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Dongliang Yuan, Xiang Li, Zheng Wang, Yao Li, Jing Wang, Ya Yang, Xiaoyue Hu, Shuwen Tan, Hui Zhou, Adhitya Kusuma Wardana, Dewi Surinati, Adi Purwandana, Mochamad Furqon Azis Ismail, Praditya Avianto, Dirham Dirhamsyah, Zainal Arifin, and Jin-Song von Storch

Abstract

The Maluku Channel is a major opening of the eastern Indonesian Seas to the western Pacific Ocean, the upper-ocean currents of which have rarely been observed historically. During December 2012–November 2016, long time series of the upper Maluku Channel transport are measured successfully for the first time using subsurface oceanic moorings. The measurements show significant intraseasonal-to-interannual variability of over 14 Sv (1 Sv ≡ 106 m3 s−1) in the upper 300 m or so, with a mean transport of 1.04–1.31 Sv northward and a significant southward interannual change of over 3.5 Sv in the spring of 2014. Coincident with the interannual transport change is the Mindanao Current, choked at the entrance of the Indonesian Seas, which is significantly different from its climatological retroflection in fall–winter. A high-resolution numerical simulation suggests that the variations of the Maluku Channel currents are associated with the shifting of the Mindanao Current retroflection. It is suggested that the shifting of the Mindanao Current outside the Sulawesi Sea in the spring of 2014 elevates the sea level at the entrance of the Indonesian Seas, which drives the anomalous transport through the Maluku Channel. The results suggest the importance of the western boundary current nonlinearity in driving the transport variability of the Indonesian Throughflow.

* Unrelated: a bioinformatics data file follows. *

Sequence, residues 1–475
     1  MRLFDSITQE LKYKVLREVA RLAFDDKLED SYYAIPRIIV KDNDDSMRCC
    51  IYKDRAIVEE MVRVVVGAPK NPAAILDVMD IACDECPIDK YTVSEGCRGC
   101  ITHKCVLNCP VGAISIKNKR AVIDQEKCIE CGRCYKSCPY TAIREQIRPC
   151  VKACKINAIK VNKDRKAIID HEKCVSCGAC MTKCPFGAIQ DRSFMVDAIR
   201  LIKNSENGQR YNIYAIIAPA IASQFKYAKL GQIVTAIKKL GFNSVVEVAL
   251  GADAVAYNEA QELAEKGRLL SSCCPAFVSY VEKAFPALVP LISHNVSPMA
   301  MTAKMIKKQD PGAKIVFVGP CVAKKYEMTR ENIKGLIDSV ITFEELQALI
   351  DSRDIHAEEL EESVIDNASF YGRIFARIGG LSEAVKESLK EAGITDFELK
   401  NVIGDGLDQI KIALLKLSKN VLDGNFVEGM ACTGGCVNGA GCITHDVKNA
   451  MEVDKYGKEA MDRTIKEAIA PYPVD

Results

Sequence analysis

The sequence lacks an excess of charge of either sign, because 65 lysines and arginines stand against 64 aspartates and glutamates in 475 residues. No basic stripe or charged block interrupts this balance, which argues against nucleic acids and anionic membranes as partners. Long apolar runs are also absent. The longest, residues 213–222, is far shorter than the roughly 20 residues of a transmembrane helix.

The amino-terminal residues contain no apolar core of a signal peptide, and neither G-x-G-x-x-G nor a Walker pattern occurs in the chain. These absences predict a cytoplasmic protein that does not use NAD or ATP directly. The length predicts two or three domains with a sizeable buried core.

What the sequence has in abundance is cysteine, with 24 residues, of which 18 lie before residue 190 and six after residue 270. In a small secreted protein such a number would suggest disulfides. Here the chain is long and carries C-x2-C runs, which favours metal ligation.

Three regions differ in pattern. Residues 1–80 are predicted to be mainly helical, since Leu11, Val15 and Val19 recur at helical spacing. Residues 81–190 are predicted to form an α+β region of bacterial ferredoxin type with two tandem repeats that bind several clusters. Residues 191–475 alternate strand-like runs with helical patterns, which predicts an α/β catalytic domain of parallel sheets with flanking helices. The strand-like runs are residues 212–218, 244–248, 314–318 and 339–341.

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Xueli Yin, Dongliang Yuan, Xiang Li, Zheng Wang, Yao Li, Corry Corvianawatie, Adhitya Kusuma Wardana, Dewi Surinati, Adi Purwandana, Mochamad Furqon Azis Ismail, Asep Sandra Budiman, Ahmad Bayhaqi, Praditya Avianto, Edi Kusmanto, Priyadi Dwi Santoso, Dirhamsyah, and Zainal Arifin

Abstract

The mean circulation and volume budgets in the upper 1200 m of the Maluku Sea are studied using multi-year current meter measurements of four moorings in the Maluku Channel and of one synchronous mooring in the Lifamatola Passage. The measurements show that the mean current in the depth range of 60 m - 450 m is northward towards the Pacific Ocean with a mean transport of 2.07 Sv - 2.60 Sv. In the depth range of 450 m - 1200 m, a mean western boundary current (WBC) flows southward through the western Maluku Sea and connects with the southward flow in the Lifamatola Passage. The mean currents in the central-eastern Maluku Channel are found to flow northward at this depth range, suggesting an anti-clockwise western intensified gyre circulation in the middle layer of the Maluku Sea. Budget analyses suggest that the mean transport of the intermediate WBC is 1.83 Sv - 2.25 Sv, which is balanced by three transports: (1) 0.62 Sv - 0.93 Sv southward transport into the Seram-Banda Seas through the Lifamatola Passage, (2) 0.97 Sv-1.01 Sv returning to the western Pacific Ocean through the central-eastern Maluku Channel, and (3) a residual transport surplus, suggested to upwell to the upper layer joining the northward transport into the Pacific Ocean. The dynamics of the intermediate gyre circulation are explained by the potential vorticity (PV) integral constraint of a semi-enclosed basin.

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